To get your long duration cam to idle at only 6* you compensate by what?
By simply turning up the idle on the carb right?
The problem there is now your transfer slot exposure is wrong. You no longer run of the idle circuit but now off the main circuit. Now its pig rich, now its lazy, now its smelly.
Now it suffers from run on.
Half the people you hear claiming 750 is to much Carb for a 350 are simply missing the tune. Having a tiny Carb masks this somewhat. I can make a 283 run fantastic with a 750 on it. Snappy, clean and pulls hard. Its going to take a combination of initial timing and vacuum advance from a manifold source to get the idle comfortable where I can get the transfer slot exposure right. You may see 36* at idle with vacuum and that's perfect, it will idle clean, response will be crisp and as throttle input drops vaccum your mechanical is coming in and your still giving it all the timing it wants.
Your not driving around at 3000rpm all the time, so your initial matters.
If you have a big cam, a 4000 stall and the motor leaves the line/light at 3000+ rpm then you can simply lock you timing at 36*(or what produces the best MPH) and call it good. Street cars need to accelerate away from lights, need to merge in traffic, and be able o accelerate away strongly.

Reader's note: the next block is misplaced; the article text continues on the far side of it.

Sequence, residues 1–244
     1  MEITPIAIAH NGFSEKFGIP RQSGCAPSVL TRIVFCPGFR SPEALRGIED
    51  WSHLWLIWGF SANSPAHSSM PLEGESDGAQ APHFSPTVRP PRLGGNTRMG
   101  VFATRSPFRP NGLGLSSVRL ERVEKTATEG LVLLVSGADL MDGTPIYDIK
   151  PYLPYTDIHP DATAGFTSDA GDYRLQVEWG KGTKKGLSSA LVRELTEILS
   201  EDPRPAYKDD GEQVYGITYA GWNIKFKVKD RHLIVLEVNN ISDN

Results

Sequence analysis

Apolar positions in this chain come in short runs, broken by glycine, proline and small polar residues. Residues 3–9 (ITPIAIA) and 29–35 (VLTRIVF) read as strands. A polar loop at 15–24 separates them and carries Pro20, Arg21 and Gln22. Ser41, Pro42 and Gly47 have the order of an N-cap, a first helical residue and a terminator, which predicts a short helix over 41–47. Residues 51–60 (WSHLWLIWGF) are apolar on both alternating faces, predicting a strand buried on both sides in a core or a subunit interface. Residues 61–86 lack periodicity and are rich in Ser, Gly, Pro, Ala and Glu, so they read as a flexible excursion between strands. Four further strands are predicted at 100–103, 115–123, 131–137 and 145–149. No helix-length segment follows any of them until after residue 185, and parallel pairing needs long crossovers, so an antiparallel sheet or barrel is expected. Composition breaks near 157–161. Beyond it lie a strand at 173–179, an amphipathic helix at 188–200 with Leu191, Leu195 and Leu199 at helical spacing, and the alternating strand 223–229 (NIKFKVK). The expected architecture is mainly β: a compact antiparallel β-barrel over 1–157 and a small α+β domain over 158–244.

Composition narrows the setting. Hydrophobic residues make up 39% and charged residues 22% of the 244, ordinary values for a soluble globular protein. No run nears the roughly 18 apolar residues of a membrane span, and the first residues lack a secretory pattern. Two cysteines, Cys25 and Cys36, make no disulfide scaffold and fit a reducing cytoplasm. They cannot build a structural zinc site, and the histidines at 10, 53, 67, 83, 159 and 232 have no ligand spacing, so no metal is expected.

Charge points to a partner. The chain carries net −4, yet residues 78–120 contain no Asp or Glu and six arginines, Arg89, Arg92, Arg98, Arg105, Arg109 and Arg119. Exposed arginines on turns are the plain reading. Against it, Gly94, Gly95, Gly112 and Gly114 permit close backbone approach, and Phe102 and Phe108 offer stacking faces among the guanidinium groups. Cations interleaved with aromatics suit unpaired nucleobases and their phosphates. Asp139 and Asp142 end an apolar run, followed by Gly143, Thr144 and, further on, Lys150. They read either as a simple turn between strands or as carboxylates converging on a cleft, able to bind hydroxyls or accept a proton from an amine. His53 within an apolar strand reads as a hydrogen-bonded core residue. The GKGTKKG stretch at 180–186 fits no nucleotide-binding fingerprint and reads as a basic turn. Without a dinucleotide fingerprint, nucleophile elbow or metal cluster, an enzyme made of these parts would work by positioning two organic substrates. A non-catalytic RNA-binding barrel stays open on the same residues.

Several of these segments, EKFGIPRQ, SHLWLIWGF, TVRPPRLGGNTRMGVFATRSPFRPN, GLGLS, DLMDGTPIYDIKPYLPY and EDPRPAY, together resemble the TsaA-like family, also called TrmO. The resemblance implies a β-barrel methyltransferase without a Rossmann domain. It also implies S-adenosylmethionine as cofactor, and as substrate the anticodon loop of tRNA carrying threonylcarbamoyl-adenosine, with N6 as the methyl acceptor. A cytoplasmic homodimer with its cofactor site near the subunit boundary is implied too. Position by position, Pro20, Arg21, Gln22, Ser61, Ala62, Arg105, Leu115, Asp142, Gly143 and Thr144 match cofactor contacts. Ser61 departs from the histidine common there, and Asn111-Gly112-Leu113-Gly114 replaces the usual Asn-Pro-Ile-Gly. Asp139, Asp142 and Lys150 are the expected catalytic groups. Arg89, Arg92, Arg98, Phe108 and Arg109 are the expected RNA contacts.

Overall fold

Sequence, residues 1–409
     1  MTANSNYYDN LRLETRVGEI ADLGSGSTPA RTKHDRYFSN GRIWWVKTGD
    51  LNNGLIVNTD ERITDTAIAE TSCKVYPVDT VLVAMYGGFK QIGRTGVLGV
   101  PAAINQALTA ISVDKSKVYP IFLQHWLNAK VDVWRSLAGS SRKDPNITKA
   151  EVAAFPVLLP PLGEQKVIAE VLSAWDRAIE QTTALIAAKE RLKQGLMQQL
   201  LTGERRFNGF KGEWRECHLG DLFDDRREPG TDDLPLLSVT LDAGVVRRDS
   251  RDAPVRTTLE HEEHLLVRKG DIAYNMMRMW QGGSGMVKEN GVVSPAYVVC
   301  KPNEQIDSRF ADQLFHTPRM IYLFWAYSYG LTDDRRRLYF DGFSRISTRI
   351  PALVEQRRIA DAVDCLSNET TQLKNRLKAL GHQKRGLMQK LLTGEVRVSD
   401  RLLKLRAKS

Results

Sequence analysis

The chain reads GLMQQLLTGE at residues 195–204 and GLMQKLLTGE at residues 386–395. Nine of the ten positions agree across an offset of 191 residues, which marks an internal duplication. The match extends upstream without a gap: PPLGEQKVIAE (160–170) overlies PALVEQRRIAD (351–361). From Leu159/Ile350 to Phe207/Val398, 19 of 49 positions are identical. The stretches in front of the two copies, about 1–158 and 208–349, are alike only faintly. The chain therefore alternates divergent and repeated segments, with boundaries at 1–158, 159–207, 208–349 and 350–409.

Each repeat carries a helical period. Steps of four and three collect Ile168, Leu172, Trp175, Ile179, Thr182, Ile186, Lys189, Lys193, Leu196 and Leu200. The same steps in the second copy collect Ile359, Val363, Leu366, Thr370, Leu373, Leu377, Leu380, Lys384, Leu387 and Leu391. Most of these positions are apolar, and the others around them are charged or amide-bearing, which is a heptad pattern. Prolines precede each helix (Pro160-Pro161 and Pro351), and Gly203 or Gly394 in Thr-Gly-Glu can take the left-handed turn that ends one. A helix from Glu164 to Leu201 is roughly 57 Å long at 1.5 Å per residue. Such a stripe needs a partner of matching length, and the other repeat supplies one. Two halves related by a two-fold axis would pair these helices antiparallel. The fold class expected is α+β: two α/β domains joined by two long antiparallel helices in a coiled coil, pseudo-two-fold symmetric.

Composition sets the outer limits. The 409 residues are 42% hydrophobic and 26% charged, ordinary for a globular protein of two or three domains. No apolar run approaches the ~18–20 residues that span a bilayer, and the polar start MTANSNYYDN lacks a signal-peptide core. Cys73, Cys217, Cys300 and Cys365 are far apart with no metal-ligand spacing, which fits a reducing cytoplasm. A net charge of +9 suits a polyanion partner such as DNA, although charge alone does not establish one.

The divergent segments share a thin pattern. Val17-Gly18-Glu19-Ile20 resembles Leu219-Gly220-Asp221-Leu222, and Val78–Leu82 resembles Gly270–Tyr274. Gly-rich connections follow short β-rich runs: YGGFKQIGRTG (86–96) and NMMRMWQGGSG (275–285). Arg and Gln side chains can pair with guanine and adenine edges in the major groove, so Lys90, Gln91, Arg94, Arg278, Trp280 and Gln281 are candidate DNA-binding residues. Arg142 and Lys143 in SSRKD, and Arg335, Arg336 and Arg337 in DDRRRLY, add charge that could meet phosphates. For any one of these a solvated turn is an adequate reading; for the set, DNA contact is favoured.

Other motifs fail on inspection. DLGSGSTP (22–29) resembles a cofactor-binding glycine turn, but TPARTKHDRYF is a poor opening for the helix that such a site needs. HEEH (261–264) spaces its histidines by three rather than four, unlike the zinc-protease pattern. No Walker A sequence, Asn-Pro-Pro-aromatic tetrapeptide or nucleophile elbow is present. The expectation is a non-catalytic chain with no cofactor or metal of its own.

Reply With Quote Quick reply to this message
  #5 (permalink)  
Old 09-13-2013, 07:04 PM
Motochris's Avatar
Registered User
 
Last photo:
Join Date: Jul 2007
Location: Ridgecrest CA
Posts: 101
Wiki Edits: 0

Thanks: 0
Thanked 4 Times in 2 Posts
Quote:
Originally Posted by bygddy View Post
So you set your initial at 6*
Then you have 30* advance
You now have your 36* total.
To get your long duration cam to idle at only 6* you compensate by what?
By simply turning up the idle on the carb right?
The problem there is now your transfer slot exposure is wrong. You no longer run of the idle circuit but now off the main circuit. Now its pig rich, now its lazy, now its smelly.
Now it suffers from run on.
Half the people you hear claiming 750 is to much Carb for a 350 are simply missing the tune. Having a tiny Carb masks this somewhat. I can make a 283 run fantastic with a 750 on it. Snappy, clean and pulls hard. Its going to take a combination of initial timing and vacuum advance from a manifold source to get the idle comfortable where I can get the transfer slot exposure right. You may see 36* at idle with vacuum and that's perfect, it will idle clean, response will be crisp and as throttle input drops vaccum your mechanical is coming in and your still giving it all the timing it wants.
Your not driving around at 3000rpm all the time, so your initial matters.
If you have a big cam, a 4000 stall and the motor leaves the line/light at 3000+ rpm then you can simply lock you timing at 36*(or what produces the best MPH) and call it good. Street cars need to accelerate away from lights, need to merge in traffic, and be able o accelerate away strongly.
Makes sense...
At what point do you STOP advancing the initial...when it becomes hard to start?